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Horticulture Increasingly Important For NZ

The latest facts and figures on New Zealand’s horticulture industry, revealed in HortResearch’s annual publication, show that annual horticultural exports have increased to $2.0 billion over the past 20 years.

Export returns have increased in value over those in 2000 across all sectors of the fruit and vegetable industry, except for fresh apples, whose value fell 16 percent reflecting the decline in production for the season.

Kiwifruit and apples represented 30 percent and 17 percent, respectively, of our horticultural exports, followed by fresh vegetables (13 percent), processed/frozen vegetables (13 percent) and wine (10 percent). New Zealand is the second largest exporter of apples behind Belgium, and the second largest producer of kiwifruit, after Italy.

Japan is by far our largest export market for horticultural produce, buying $457m worth in 2001 across a diverse range of products. Britain is our largest overseas market for wine, with $93m being spent there on NZ wine imports. Japan is the dominant market for fresh flowers.

Horticulture Facts and Figures 2001 published by crown research institute HortResearch provides detailed information on domestic and export growth for each sector and provides a breakdown of the nutritional value of some fruits and vegetables.

Organic production continues to emerge but remains a minor component of the industry. Organic exports exceeded $70 million with kiwifruit, processed vegetables and pipfruit prominent among these. About three percent of horticultural exports are organically produced.

HortResearch’s CEO, Dr Ian Warrington, said that horticulture is vital for the well being of New Zealanders - for employment, regional development, health and prosperity. “Vineyards and orchards are also attracting tourists,” he said.

Martech Consulting Group compiled the data for the booklet.

Ends


Media release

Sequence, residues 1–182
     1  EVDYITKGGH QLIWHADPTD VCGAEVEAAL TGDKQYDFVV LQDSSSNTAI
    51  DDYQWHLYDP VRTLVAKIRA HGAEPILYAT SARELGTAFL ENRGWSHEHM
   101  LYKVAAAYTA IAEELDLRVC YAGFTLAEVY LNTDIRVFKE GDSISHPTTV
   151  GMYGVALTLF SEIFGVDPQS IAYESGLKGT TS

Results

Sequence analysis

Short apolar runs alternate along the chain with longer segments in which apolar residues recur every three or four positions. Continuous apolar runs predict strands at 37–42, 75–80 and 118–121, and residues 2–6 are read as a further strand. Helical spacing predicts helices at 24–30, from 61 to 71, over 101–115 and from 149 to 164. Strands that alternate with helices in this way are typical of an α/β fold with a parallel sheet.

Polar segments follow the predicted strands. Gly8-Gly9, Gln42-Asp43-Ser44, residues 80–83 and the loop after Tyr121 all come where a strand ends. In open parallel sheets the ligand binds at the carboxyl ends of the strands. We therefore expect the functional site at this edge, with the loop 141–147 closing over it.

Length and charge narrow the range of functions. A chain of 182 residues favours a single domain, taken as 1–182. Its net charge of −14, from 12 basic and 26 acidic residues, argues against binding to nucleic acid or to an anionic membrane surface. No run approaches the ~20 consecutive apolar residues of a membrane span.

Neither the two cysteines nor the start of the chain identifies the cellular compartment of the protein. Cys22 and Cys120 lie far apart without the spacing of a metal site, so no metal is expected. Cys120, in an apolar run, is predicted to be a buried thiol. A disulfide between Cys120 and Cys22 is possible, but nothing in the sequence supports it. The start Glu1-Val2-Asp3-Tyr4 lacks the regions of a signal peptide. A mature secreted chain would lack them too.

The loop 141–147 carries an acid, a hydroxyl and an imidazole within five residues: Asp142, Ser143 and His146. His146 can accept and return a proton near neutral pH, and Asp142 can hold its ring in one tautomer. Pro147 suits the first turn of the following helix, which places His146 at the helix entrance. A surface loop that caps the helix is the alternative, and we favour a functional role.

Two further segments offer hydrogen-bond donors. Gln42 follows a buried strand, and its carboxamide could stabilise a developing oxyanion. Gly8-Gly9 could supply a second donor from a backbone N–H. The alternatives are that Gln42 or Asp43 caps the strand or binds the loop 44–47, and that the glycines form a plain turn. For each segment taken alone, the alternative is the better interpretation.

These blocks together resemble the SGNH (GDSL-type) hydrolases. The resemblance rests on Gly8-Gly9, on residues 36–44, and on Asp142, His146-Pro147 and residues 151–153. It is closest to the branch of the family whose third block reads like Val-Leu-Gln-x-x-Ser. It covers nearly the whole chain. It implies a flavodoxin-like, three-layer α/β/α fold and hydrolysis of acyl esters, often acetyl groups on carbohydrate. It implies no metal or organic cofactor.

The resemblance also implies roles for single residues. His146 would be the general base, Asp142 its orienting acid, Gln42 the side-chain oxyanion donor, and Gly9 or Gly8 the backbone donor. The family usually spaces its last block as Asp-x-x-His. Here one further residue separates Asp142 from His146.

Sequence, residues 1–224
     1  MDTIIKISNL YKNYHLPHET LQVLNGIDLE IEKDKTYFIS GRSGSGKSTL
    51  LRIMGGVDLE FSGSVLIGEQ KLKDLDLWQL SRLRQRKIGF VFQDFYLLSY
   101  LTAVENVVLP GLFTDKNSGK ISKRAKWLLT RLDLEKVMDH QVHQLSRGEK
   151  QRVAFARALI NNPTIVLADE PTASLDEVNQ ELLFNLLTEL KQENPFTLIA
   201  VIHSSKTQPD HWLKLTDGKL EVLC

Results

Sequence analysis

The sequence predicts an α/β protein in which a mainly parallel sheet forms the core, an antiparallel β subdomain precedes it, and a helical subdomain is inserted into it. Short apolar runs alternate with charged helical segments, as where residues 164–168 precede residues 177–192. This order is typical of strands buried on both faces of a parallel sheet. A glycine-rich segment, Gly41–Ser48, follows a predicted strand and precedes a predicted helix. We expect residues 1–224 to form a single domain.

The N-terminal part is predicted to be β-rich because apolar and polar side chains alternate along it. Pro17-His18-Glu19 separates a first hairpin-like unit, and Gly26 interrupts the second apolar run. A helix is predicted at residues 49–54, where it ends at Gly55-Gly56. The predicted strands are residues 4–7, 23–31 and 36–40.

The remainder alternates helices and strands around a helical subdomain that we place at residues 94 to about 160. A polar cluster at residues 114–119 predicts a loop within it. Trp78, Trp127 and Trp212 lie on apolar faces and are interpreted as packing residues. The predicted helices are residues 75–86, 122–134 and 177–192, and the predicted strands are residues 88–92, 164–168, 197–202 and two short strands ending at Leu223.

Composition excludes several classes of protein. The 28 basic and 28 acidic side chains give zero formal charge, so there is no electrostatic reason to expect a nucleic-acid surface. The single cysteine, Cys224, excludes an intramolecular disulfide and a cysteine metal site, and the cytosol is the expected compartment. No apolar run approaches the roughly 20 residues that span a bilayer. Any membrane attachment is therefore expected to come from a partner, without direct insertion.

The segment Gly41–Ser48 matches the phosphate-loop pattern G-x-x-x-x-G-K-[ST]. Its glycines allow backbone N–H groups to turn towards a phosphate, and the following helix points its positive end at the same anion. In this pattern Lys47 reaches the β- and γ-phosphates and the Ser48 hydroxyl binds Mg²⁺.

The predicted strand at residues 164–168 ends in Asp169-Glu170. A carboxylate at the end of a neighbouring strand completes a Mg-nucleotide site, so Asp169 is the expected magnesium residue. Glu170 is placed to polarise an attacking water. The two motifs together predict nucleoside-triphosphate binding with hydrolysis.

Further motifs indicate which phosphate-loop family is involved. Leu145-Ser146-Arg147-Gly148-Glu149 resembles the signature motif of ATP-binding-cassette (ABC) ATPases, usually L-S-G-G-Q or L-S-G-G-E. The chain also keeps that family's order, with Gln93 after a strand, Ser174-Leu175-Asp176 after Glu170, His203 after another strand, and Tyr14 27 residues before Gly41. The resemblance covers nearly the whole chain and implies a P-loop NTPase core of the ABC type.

21 February 2002


Celebrating $2b Of Horticultural Exports

Underpinning New Zealand’s $2b annual horticultural export milestone is Government’s significant investment ($35m in 2001) in research and development carried out by Crown Research Institute, HortResearch.

Strong investment from industry has allowed the fundamental science discoveries to be applied to the benefit of the horticultural sector.

HortResearch, since its inception ten years ago, has developed new cultivars, new production methods that reduce pesticide use, intensive growing methods, postharvest management systems and new technologies, all of which keep overseas customers interested in products exported from New Zealand that are produced to standards demanded by key markets.

Staff at HortResearch have bred many new cultivars, such as ZESPRI™ GOLD kiwifruit and Pacific Rose™ and Pacific Queen™ apples. They have also provided a strong role in the development of other internationally acclaimed cultivars such as Royal Gala and Braeburn apples. Other significant work is being carried out on blueberries, stonefruit and avocados to improve their export potential. Our geneticists have also discovered the secret of producing seedless fruit.

HortResearch has played a critical role in the drive to reduce dependence on synthetic chemicals for disease and pest control. The emergence of KiwiGreen as a minimum pesticide use programme for kiwifruit, integrated fruit production systems for apples, and the SummerGreen programme for crops such as peaches and apricots have all been strongly underpinned by knowledge and skills from HortResearch’s scientific and technical staff.

Examples of significant recent discoveries for pest and disease management include a biological control for botrytis in grapes and the development of a pheromone to lure the painted apple moth.

Over the past decade, attention has also been given to enhancing the options available to growers wishing to use organic production systems, especially in apples and kiwifruit. Although currently only three percent of all horticultural exports, organic crops continue to expand as a specialised sector.

On the genetic front, a DNA fingerprint database has been created so producers can protect their cultivars from being grown elsewhere without their consent. HortResearch is offering this technology to local and overseas apple growers.

A special challenge for New Zealand is to deliver premium quality produce to distant markets and this requires special attention to transport, storage and handling protocols. Considerable success has been achieved in developing sophisticated storage conditions that allow our produce to be managed well beyond its harvest dates and retain colour, flavour and texture.

HortResearch is based in 10 locations throughout New Zealand and has more than 500 staff. The orchards, in the main fruit-growing districts, act as massive outdoor laboratories so research can be carried out under realistic climatic and commercial conditions.

Ends

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